The New York Rangers have overcome some serious hurdles through two rounds of playoff hockey. The fact that they’ve played a maximum of 14 postseason games in that span – including four games in which a loss would end their season – makes one wonder if they have enough left in the tank to beat the Montreal Canadiens.
Sure, the Habs went the distance against the Boston Bruins in the second round, yet they also swept the Tampa Bay Lightning in their first series of this postseason.
Some might believe that fatigue could be a big factor in the Eastern Conference finals, yet Rangers head coach Alain Vigneault seemed quite optimistic about his team’s energy level.
“… We were fortunate, I would say, that we finished our series against the Penguins on Tuesday,” Vigneault said. “It gave us almost two full days off, and we had a good practice today and just flew into Montreal. We’re as healthy as a team can be at this time of the year. We’re fresh, and we’re looking forward to the afternoon game in Montreal.”
While the Canadiens have only played 93 games (82 regular plus 11 postseason) versus 96 for the Rangers (82 plus 14), Montreal did finish its series on Wednesday. So, short-term, you could argue that the Rangers might be the fresher of the two.
That might just be nitpicking in the big picture, though.
By the end of their second-round series against the Pittsburgh Penguins, getting the typical night off between games must have felt almost like a luxury for the Rangers. They memorably played two sets of back-to-back games and six postseason contests in nine nights between the end of the Philadelphia Flyers series and beginning of the Penguins series.
Vigneault is saying all the right things about respecting his opponents (not to mention Rick Nash) and looking forward to the atmosphere in Montreal. If his quotes are any indication, they won’t head into that hostile environment running on fumes, either.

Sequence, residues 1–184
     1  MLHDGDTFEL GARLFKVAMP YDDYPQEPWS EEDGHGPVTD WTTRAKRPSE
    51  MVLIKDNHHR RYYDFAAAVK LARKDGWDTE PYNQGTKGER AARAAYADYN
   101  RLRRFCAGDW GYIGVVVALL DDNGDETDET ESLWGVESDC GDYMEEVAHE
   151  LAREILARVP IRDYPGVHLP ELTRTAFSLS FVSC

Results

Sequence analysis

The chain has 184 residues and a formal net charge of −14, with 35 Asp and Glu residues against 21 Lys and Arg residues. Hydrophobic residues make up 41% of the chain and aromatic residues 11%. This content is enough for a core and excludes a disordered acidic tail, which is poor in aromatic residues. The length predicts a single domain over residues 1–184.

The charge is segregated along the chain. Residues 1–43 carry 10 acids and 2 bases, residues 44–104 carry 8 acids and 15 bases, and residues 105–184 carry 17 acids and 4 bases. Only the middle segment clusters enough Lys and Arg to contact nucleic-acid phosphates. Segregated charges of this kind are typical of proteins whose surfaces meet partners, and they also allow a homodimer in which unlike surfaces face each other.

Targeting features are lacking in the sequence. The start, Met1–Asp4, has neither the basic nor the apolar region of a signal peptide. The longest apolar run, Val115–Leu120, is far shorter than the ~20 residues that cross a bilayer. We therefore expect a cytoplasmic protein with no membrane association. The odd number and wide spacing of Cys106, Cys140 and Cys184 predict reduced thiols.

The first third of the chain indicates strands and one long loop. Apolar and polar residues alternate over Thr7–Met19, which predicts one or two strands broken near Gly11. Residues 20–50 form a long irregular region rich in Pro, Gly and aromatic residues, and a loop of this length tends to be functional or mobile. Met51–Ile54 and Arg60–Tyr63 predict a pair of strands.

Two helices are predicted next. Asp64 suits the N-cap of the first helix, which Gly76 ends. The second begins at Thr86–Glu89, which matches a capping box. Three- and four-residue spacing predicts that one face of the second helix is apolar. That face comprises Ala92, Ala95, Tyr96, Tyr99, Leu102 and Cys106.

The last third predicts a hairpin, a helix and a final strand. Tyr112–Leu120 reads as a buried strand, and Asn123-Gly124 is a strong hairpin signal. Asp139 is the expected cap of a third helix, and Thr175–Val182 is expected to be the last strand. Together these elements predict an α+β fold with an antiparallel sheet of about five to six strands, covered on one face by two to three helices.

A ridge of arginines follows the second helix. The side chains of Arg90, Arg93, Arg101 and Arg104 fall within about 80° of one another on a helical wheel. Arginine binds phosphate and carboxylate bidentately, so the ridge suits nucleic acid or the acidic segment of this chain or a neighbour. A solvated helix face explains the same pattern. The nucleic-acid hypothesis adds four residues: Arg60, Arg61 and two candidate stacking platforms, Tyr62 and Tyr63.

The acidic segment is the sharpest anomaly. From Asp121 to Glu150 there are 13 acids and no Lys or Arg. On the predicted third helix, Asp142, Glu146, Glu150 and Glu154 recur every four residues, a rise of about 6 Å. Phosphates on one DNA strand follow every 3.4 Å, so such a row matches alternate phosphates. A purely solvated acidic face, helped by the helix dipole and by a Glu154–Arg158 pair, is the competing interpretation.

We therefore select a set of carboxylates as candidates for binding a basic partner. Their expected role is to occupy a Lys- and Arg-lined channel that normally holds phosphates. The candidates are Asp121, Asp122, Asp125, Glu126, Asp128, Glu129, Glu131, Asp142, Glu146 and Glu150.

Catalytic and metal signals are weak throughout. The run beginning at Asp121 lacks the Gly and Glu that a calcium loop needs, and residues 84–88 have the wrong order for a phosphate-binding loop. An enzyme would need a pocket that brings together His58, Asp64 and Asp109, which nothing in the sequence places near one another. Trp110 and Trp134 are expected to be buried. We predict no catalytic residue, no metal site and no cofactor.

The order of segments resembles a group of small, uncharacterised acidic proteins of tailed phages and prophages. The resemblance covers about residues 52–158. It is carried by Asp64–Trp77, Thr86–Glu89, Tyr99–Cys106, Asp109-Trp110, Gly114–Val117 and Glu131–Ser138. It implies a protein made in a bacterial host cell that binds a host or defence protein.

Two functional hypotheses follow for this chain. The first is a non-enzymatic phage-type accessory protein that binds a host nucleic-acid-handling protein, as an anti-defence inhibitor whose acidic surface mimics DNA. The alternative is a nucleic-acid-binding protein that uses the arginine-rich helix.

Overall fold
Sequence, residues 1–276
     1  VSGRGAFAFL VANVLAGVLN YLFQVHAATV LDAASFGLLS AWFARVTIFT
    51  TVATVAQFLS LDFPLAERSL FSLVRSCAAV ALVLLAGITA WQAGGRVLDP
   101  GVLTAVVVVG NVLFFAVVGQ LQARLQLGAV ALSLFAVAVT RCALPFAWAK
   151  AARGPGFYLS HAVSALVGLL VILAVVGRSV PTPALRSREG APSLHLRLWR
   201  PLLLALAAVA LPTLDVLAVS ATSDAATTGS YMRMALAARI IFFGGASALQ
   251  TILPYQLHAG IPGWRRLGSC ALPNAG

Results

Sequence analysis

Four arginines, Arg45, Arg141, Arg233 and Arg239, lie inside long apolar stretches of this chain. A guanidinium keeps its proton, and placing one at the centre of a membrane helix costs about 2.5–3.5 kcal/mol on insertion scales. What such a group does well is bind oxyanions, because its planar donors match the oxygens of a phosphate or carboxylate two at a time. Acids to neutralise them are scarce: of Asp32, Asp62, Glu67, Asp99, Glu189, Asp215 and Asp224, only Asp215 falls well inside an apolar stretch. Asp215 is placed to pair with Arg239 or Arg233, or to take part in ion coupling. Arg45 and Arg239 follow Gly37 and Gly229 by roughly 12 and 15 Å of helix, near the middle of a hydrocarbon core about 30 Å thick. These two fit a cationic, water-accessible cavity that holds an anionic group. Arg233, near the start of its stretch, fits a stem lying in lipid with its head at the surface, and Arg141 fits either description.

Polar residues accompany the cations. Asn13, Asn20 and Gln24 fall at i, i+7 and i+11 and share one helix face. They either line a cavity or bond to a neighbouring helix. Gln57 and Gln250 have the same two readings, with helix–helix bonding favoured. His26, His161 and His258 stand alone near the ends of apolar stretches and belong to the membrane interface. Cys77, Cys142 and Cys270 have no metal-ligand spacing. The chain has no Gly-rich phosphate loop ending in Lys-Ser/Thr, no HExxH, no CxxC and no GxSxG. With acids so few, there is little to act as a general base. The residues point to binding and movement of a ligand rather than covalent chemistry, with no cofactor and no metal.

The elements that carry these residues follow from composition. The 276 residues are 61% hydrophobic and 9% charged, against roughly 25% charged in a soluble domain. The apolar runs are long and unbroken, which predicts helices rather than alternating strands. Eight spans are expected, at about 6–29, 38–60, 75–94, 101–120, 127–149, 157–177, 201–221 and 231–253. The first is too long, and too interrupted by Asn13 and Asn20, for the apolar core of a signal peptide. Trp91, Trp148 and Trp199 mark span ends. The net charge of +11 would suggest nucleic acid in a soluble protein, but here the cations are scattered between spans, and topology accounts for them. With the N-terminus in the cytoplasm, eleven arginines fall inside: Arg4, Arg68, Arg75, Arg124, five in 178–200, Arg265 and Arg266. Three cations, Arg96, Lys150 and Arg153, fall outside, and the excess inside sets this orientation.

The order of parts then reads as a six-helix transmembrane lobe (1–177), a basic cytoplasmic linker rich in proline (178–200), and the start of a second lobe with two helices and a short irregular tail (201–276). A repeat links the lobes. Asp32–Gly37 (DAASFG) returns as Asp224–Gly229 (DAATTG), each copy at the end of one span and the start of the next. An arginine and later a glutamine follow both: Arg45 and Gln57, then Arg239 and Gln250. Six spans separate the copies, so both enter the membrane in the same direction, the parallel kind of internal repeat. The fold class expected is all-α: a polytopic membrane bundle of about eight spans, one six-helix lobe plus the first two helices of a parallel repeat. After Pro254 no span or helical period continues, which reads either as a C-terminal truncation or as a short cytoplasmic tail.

Jakub Voracek totally understands why nobody’s expecting much from the Philadelphia Flyers. When a team finishes 14 points out of the playoffs the year before, that’s typically going to be the case.
“We weren’t good enough last year, let’s face it,” Voracek told CSN Philly.
So, no, it doesn’t upset him that the Flyers aren’t considered among the Stanley Cup favorites.
That being said, “it makes you feel you want to prove them wrong.”
The Flyers get going tonight with a tough game against the Lightning in Tampa Bay. They also play Saturday in Florida against the Panthers, before a rematch with the Panthers Monday in Philadelphia.
“My biggest concern would be getting off to a good start,” GM Ron Hextall said. “That’s one thing that we need to do.”
That’s something they didn’t do last year. In fact, they won just once in their first six games. By the end of November, they were 8-12-3 and in a big hole — one that proved too deep to climb out of.
Related: Flyers to start season with seven defensemen
The Arizona Coyotes might not be using John Scott‘s services after all.
The team waived him this afternoon, per Craig Morgan. It’s possible that the Coyotes are simply giving themselves options as Scott clearing would allow them to send him down quickly at any point until he plays in 10 games or 30 days pass. At the same time, any team looking for a gritty fourth-line forward or third-pairing defenseman might be tempted to claim him in light of his affordable $575K cap hit for the 2015-16 campaign.
Scott is an imposing presence on the ice at 6-foot-8 and 260 pounds, but he doesn’t bring much to the table other than his physical play and willingness to drop the gloves. In terms of offensive abilities, he’s among the least capable in the league. In fact, the four points he recorded last season with the San Jose Sharks represented a career-high for the 33-year-old.
Meanwhile, Dan Cleary went unclaimed on waivers, according to Bob McKenzie, setting the stage for him to be reassigned to the AHL’s Grand Rapids Griffins.